The CNCCs interact with the cardiogenic mesoderm cells of the primary and secondary heart fields, which are derived from the cardiac crescent and will give rise to the endocardium, myocardium, and epicardium. The CNCCs themselves are the precursors to vascular smooth muscle cells and cardiac neurons.[6]

For example, CNCCs are required for the formation of the aorticopulmonary septum (APS) that directs cardiac outflow into two tracts: the pulmonary trunk and the aorta of the developing heart. This is an example of remodelling which is dependent on signalling back and forth between CNCCs and the cardiogenic mesoderm. If this signalling is disrupted or there are defects in the CNCCS, cardiovascular anomalies may develop. These anomalies include persistent truncus arteriosus (PTA), double outlet right ventricle (DORV), tetralogy of Fallot and DiGeorge syndrome.[7]


Wnt proteins are extracellular growth factors that activate intracellular signalling pathways. There are two types of pathways: canonical and non-canonical. The classic canonical Wnt pathway involves B-catenin protein as a signaling mediator. Wnt maintains B-catenin by preventing against Proteasome degradation. Thus, B-catenin is stabilized in the presence of Wnt and regulates gene transcription through interaction with TCF/LEF transcription factors.[8] The canonical Wnt/B-catenin pathway is important for control of cell proliferation.[9] The non-canonical Wnt pathway is independent of B-catenin and has an inhibitory effect on canonical Wnt signaling.[8]

Wnt signaling pathways play a role in CNCC development as well as OFT development.[8] In mice, decrease of B-catenin results in a decrease in the proliferation of CNCCs.[8] Downregulation of the Wnt coreceptor Lrp6 leads to a reduction of CNCCs in the dorsal neural tube and in the pharyngeal arches, and results in ventricular, septal, and OFT defects.[8] Canonical Wnt signaling is especially important for cell cycle regulation of CNCC development and the initiation of CNCC migration.[8] Non-canonical Wnt signaling plays a greater role in promoting cardiac differentiation and OFT development.[8]


Notch is a transmembrane protein whose signaling is required for differentiation of CNCCs to vascular smooth muscle cells and for proliferation of cardiac myocytes (muscle cells of the heart). In mice, disruption of Notch signaling results in aortic arch branching defects and pulmonary stenosis, as well as a defect in the development of the smooth muscle cells of the sixth aortic arch artery, which is the precursor to the pulmonary artery.[5] In humans, mutations in Notch most often result in bicuspid aortic valve disease and calcification of the aortic valve.[10]

Bone morphogenetic proteins

Bone morphogenetic proteins (BMPs) are required for neural crest cell migration into the cardiac cushions (precursors to heart valves and septa) and for differentiation of neural crest cells to smooth muscle cells of the aortic arch arteries. In neural crest–specific Alk2-deficient embryos, the cardiac cushions of the outflow tract are deficient in cells because of defects in neural crest cell migration.[11]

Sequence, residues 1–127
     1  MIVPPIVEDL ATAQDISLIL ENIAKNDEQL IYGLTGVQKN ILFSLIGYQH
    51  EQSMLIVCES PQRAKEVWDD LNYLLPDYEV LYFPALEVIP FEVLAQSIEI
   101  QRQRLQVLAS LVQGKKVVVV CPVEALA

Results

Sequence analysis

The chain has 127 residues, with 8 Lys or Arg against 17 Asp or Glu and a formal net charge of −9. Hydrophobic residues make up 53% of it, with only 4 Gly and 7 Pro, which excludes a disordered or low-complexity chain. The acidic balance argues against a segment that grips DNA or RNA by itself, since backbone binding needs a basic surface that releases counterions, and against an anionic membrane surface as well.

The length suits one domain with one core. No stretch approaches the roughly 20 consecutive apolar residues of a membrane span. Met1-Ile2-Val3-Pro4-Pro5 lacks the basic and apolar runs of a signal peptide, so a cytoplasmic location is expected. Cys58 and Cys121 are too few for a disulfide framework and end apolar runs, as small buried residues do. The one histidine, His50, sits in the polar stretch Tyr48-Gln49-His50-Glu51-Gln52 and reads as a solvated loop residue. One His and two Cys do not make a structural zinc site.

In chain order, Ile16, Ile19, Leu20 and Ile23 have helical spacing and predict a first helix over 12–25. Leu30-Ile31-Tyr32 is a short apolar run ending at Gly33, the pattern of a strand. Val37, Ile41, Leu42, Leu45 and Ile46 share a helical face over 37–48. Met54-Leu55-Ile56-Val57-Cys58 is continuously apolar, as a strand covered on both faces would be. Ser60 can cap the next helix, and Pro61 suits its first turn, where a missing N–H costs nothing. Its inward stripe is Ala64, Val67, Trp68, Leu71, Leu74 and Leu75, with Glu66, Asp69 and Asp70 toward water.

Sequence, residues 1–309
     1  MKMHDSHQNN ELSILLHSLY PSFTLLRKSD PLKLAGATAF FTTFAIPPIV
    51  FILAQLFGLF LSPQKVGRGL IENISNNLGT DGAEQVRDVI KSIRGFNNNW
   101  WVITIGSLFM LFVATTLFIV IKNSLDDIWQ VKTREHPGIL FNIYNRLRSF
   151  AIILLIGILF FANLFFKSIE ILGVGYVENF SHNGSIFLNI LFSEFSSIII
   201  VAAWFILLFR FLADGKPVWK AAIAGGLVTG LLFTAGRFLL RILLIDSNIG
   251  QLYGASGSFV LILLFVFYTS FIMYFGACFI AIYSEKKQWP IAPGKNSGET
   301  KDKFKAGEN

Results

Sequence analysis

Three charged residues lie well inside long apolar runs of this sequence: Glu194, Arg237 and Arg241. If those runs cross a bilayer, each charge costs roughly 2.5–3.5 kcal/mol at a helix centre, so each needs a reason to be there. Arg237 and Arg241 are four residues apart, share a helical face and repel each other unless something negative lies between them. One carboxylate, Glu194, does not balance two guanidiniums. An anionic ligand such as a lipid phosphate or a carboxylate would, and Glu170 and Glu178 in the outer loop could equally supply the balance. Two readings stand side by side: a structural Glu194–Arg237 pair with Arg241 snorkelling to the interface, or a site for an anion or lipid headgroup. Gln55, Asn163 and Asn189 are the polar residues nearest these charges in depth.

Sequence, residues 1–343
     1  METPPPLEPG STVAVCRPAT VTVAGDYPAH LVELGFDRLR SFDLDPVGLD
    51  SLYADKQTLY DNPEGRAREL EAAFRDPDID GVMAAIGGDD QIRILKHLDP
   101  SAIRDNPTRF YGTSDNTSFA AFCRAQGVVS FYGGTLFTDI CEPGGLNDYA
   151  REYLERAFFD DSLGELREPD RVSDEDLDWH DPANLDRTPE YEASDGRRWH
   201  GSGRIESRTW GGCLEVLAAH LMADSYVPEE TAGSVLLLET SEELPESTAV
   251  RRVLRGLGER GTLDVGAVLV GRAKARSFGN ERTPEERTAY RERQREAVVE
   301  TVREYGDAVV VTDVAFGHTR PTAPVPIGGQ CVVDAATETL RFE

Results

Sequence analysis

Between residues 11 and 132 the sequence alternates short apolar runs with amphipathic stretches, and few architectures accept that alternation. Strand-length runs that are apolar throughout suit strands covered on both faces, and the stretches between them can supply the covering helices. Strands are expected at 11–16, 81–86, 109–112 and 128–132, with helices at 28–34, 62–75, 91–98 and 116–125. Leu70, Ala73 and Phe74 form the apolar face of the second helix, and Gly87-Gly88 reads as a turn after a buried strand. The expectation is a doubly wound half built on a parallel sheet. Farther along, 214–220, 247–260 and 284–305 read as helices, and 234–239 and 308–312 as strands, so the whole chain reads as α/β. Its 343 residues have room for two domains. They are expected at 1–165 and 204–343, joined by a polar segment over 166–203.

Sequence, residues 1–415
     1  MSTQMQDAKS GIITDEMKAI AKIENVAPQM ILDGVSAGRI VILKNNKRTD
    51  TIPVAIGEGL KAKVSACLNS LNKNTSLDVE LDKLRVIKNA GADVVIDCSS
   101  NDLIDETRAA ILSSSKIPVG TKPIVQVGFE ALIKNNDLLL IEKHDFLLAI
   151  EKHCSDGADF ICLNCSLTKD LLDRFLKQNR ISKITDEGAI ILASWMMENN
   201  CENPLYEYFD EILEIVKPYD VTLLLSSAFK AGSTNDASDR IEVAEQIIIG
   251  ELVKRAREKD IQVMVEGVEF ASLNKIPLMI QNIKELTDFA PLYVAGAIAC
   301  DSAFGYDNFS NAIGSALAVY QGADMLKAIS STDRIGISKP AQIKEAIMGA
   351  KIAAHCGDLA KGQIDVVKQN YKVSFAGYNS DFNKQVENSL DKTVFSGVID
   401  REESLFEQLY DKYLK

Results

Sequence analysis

Fibroblast growth factor 8

Fibroblast growth factor 8 (FGF8) transcription factors are essential for regulating the addition of secondary heart field cells into the cardiac outflow tract. FGF8 mouse mutants have a range of cardiac defects including underdeveloped arch arteries and transposition of the great arteries.[12][13]


GATA transcription factors, which are complex molecules that bind to the DNA sequence GATA, play a critical role in cell lineage differentiation restriction during cardiac development. The primary function of GATA6 in cardiovascular development is to regulate the morphogenetic patterning of the outflow tract and aortic arch. When GATA6 is inactivated in CNCCs, various cardiovascular defects such as persistent truncus arteriorus and interrupted aortic arch may occur. This phenotype (anomaly) was also observed when GATA6 was inactivated within vascular smooth muscle cells.[14] GATA6 in combination with Wnt (Wnt2-GATA6) plays a role in the development of the posterior pole of the heart (the inflow tract).[15]

CNCCS and ischaemic heart disease

There is interest amongst researchers as to whether CNCCs can be used to repair human heart tissue. Heart attacks in humans are common and their rate of mortality is high. There are emergency treatments that hospitals can administer, such as angioplasty or surgery, but after that patients will likely be on medication for the long term and are more susceptible to heart attacks in the future. Other complications of heart attacks include cardiac arrhythmias and heart failure.[16]

Although CNCCs are important in embryos, some CNCCs are retained in a dormant state to adulthood where they are called neural crest stem cells. In 2005, Tomita transplanted neural crest stem cells from mammal hearts to the neural crest of chick embryos. These CNCCs were shown to migrate into the developing heart of the chick using the same dorsolateral pathway as the CNCCs, and differentiate into neural and glial cells.[17]